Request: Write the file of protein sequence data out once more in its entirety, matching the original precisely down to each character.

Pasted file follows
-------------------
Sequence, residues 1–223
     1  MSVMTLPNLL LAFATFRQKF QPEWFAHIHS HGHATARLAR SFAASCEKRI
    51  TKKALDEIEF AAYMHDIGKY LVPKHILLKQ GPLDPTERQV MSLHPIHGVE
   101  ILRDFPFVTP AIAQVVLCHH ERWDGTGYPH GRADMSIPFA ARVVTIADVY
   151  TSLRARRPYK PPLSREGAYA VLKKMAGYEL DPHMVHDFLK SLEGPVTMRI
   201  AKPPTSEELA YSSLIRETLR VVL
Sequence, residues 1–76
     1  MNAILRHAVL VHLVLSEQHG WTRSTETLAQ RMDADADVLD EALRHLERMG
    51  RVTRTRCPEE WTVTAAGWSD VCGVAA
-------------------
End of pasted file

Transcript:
Sequence, residues 1–223
     1  MSVMTLPNLL LAFATFRQKF QPEWFAHIHS HGHATARLAR SFAASCEKRI
    51  TKKALDEIEF AAYMHDIGKY LVPKHILLKQ GPLDPTERQV MSLHPIHGVE
   101  ILRDFPFVTP AIAQVVLCHH ERWDGTGYPH GRADMSIPFA ARVVTIADVY
   151  TSLRARRPYK PPLSREGAYA VLKKMAGYEL DPHMVHDFLK SLEGPVTMRI
   201  AKPPTSEELA YSSLIRETLR VVL
Sequence, residues 1–76
     1  MNAILRHAVL VHLVLSEQHG WTRSTETLAQ RMDADADVLD EALRHLERMG
    51  RVTRTRCPEE WTVTAAGWSD VCGVAA